One of the world's most active volcanoes, Mexico's Popocatepetl volcano, has come to life, spewing ash, gas, and steam (as seen from the village of Santiago Xalitzintla on July 4).
Just 50 miles (80 kilometers) east of Mexico City, the volcano has spit out a cloud of ash and vapor 2 miles (3.2 kilometers) high.
The volcano has been exploding for several days, causing Mexico's National Center for Disaster Prevention to elevate their national alert rating to Yellow Phase 3. A yellow alert signals that the volcano has demonstrated medium-to-high levels of activity. The next and final step would be a red alert, which would require the evacuation of nearby residents. (Watch video: Volcanoes 101.)
Al Jazeera reported that international airlines have cancelled flights in and out of Mexico City, stranding hundreds of people over the weekend.
This is not the first time the 17,900-foot (5,455-meter) Popocatepetl has been active this year. In June, the warning level for the volcano was also raised to yellow after an explosion generated an ash plume that rose over a mile (1.6 kilometers) above the crater.
Photograph by Francisco Guasco, European Pressphoto Agency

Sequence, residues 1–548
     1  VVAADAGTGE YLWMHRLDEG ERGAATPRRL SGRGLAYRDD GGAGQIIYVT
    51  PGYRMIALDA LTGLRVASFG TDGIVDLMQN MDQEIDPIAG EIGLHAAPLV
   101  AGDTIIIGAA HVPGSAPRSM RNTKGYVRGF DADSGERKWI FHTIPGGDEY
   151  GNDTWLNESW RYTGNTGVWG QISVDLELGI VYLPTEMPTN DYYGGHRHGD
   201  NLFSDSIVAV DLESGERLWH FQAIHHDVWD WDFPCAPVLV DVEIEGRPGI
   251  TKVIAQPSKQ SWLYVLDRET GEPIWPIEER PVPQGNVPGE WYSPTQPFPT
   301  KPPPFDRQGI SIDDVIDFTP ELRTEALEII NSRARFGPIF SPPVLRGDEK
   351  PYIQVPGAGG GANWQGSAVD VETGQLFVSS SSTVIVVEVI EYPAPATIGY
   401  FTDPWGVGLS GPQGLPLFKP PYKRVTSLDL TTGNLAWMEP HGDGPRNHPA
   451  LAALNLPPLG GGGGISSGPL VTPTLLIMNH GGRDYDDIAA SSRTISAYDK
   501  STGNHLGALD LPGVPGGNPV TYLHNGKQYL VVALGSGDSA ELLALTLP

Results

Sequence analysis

Eruption in Progress
A plume of ash and steam from the Popocatepetl volcano overshadows a Catholic church in Santiago Xalizintla, Mexico, on July 7. (See volcano pictures.)
Photograph by Marco Ugarte, AP
Coated in Ash
Debris from Popocatepetl has blanketed nearby plants in the mountain pass Paso de Cortes in ash and gas, as seen in a July 7 picture.
Mexico's National Center for Disaster Prevention has observed a glow near the volcano's crater and reported emissions of incandescent fragments. (Explore a volcano interactive.)
Photograph by Imelda Medina, Reuters
To the Rescue
Rescue workers walk in Paso de Cortes as ash and rain fall from nearby Popocatepetl on July 6.
Officials advise people living nearby the volcano to wear long sleeves, cover their mouths and noses from smoke, protect valuable documents, and prepare for a possible evacuation. (Get more volcano safety tips.)
Photograph by Dario Lopez-Mills, AP
Spewing to the Sky
An aerial view of Popocatepetl volcano spews smoke and ash nearly a mile (1.6 kilometers) into the sky in the outskirts of Puebla, Mexico, on June 25.
Monitoring the volcano has raised the alert to Yellow Phase 3, the second highest warning on the center's seven-step scale.
Photograph from CENAPRED/Reuters
Smoke spews from Popocatepetl near Santiago Xalitzintla on July 7.
On July 6, Mexico's volcano-monitoring system registered two hours of low-frequency and high-amplitude tremors, accompanied by a column of steam, water, gas, and ash.